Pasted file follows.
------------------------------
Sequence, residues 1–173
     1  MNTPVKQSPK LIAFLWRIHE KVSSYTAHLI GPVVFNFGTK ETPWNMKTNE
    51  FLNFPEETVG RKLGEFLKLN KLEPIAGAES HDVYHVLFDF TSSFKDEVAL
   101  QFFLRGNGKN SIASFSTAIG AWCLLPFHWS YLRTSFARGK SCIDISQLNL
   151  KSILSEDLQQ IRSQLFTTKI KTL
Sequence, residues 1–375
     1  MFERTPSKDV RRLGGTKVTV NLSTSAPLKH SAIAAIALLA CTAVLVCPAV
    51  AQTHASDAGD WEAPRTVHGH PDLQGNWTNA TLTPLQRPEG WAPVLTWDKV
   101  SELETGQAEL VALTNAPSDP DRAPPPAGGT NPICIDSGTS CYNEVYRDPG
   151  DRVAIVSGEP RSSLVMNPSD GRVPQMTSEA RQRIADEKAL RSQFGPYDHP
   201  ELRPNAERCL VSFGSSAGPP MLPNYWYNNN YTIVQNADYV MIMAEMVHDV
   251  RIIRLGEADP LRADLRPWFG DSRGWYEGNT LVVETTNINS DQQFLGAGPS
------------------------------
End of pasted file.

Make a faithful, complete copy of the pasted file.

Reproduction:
Sequence, residues 1–173
     1  MNTPVKQSPK LIAFLWRIHE KVSSYTAHLI GPVVFNFGTK ETPWNMKTNE
    51  FLNFPEETVG RKLGEFLKLN KLEPIAGAES HDVYHVLFDF TSSFKDEVAL
   101  QFFLRGNGKN SIASFSTAIG AWCLLPFHWS YLRTSFARGK SCIDISQLNL
   151  KSILSEDLQQ IRSQLFTTKI KTL
Sequence, residues 1–375
     1  MFERTPSKDV RRLGGTKVTV NLSTSAPLKH SAIAAIALLA CTAVLVCPAV
    51  AQTHASDAGD WEAPRTVHGH PDLQGNWTNA TLTPLQRPEG WAPVLTWDKV
   101  SELETGQAEL VALTNAPSDP DRAPPPAGGT NPICIDSGTS CYNEVYRDPG
   151  DRVAIVSGEP RSSLVMNPSD GRVPQMTSEA RQRIADEKAL RSQFGPYDHP
   201  ELRPNAERCL VSFGSSAGPP MLPNYWYNNN YTIVQNADYV MIMAEMVHDV
   251  RIIRLGEADP LRADLRPWFG DSRGWYEGNT LVVETTNINS DQQFLGAGPS